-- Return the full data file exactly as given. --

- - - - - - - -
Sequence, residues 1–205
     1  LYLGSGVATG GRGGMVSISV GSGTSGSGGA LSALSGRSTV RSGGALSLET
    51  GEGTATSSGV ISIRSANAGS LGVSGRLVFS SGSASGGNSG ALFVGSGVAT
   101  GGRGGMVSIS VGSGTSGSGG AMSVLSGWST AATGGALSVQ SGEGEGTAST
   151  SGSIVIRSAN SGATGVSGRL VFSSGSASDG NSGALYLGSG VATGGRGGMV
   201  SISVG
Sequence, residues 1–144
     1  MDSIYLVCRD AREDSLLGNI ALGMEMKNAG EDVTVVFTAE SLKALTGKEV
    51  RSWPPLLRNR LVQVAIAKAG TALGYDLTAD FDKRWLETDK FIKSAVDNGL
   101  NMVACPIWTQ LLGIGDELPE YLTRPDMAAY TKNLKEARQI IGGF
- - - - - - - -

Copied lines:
Sequence, residues 1–205
     1  LYLGSGVATG GRGGMVSISV GSGTSGSGGA LSALSGRSTV RSGGALSLET
    51  GEGTATSSGV ISIRSANAGS LGVSGRLVFS SGSASGGNSG ALFVGSGVAT
   101  GGRGGMVSIS VGSGTSGSGG AMSVLSGWST AATGGALSVQ SGEGEGTAST
   151  SGSIVIRSAN SGATGVSGRL VFSSGSASDG NSGALYLGSG VATGGRGGMV
   201  SISVG
Sequence, residues 1–144
     1  MDSIYLVCRD AREDSLLGNI ALGMEMKNAG EDVTVVFTAE SLKALTGKEV
    51  RSWPPLLRNR LVQVAIAKAG TALGYDLTAD FDKRWLETDK FIKSAVDNGL
   101  NMVACPIWTQ LLGIGDELPE YLTRPDMAAY TKNLKEARQI IGGF